As the winter months carry on with short days and gloomy skies, some may find themselves at the whim of the season. Traveling across the country, therapists are likely to encounter a wide range of climates and preferences of their patients. Sometimes the darker conditions of our colder months can reduce a person’s ability to maintain their energy and leave us feeling lethargic, at times even depressed. Light therapy is one way shown to help those suffering from what’s known as seasonal affective disorder or SAD. Quite a convenient acronym!
Although SAD is usually less severe than full cases of depression, it can lead to persistent feelings of melancholia, an unpleasant malaise, vague ennui… basically, you just feel sad. To remedy this, light therapy in the form of using special light boxes allows individuals to expose themselves to mimicked sunlight, producing uplifting effects.
Essentially what happens for people with SAD is this:
Transporter proteins move serotonin back to presynaptic neurons in the brain, resulting in a gloomier mood, in addition to darker conditions allowing higher melatonin production which induces sleepiness. Light, even if artificial, mitigates this process and can help to promote greater well-being.
Adding Light Therapy to your Toolkit
So why is light therapy something traveling therapists should consider? For one, it can be a portable device you can include in any variety of therapy sessions. If a patient isn’t feeling particularly giddy to engage in your planned activities and goals for the day, adding some healthy light might elevate the mood. It’s important to consider that mental wellbeing plays a huge part in how well we can respond to physical treatments!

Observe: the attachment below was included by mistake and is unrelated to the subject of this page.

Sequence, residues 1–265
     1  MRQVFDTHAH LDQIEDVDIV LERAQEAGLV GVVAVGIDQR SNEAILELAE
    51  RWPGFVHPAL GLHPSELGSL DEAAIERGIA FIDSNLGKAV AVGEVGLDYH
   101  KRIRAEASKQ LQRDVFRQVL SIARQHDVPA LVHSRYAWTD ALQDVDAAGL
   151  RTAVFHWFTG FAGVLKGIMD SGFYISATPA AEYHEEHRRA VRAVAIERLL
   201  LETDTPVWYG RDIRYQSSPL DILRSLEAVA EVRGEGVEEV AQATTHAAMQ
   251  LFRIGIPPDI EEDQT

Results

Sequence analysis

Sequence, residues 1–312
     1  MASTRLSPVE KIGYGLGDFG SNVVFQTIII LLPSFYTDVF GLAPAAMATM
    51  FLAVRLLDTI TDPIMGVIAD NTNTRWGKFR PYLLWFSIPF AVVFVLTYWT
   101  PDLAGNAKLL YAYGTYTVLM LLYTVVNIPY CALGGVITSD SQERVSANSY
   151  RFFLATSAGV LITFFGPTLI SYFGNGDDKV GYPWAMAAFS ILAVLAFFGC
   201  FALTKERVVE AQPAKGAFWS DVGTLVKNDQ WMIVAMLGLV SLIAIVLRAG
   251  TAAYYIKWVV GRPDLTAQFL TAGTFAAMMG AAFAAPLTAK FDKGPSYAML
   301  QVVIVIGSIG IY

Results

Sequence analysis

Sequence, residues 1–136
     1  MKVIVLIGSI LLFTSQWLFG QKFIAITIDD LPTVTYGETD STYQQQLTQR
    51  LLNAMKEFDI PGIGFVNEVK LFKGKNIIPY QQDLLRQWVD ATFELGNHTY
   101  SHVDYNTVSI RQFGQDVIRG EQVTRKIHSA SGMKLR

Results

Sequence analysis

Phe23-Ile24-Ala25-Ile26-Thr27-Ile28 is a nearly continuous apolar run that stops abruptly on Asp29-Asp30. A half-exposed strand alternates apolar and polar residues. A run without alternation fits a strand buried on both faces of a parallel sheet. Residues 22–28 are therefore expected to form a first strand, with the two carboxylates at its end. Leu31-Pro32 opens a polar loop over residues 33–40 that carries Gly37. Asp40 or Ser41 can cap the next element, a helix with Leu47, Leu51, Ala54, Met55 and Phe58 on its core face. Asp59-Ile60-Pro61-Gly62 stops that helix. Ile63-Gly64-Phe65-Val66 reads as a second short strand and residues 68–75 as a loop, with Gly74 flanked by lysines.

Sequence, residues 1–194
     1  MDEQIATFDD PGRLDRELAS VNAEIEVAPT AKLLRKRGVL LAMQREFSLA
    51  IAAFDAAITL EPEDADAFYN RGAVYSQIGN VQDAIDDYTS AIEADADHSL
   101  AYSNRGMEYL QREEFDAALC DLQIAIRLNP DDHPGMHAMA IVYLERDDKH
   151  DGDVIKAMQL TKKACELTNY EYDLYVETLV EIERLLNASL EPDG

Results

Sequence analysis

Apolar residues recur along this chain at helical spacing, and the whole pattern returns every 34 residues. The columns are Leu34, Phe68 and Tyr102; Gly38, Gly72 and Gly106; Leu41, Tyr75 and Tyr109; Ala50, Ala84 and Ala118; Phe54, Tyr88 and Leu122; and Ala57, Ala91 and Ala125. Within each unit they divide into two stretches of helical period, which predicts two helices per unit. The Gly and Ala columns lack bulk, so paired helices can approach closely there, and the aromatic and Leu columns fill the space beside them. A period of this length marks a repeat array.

In addition to integrating light therapy into a patient’s routine, traveling often or to different parts of the country can also have an effect on your own mood and well-being. Maybe you’re a California-native assigned to the freezing Minnesota cold – starting the day with added light therapy might be just the remedy for throwing off your SAD. It’s also a great tool to help with jet lag! Not only will you feel better personally, but that will also mean you’ll be ready to do a great job with providing therapy for your patients.
Three key elements to consider for effective light therapy include:
• Intensity – Light box intensity is recorded in lux, measuring the amount of light received by the user. The typical recommended usage is 10,000-lux at a distance of around 16-24 inches from the face at a 45-degree angle.
• Duration – 20 to 30 minutes of light from a 10,000-lux unit is usually sufficient for daily sessions. Be sure to read the guidelines set forth by the device’s manufacturer and adjust your sessions according to professional instruction.
• Timing – One way to time light therapy is with the natural schedule of the Sun. The most effective time is usually in the early morning or after you first wake up, although it can be used throughout the day at regular intervals.
Keep in mind that light therapy isn’t for everyone. There is a potential of experiencing side effects such as eyestrain, headaches, nausea, and increased agitation. People with bipolar disorder may also want to avoid the use of light therapy boxes as they can in some cases encourage hyperactivity, mania, and euphoria associated with the illness.
That said, depression can be a very serious condition and light therapy alone won’t necessarily help sufferers. Yet, for those with mild winter-time blues, this remedy can be a safe, effective way to introduce a little more light into your therapy sessions and personal health!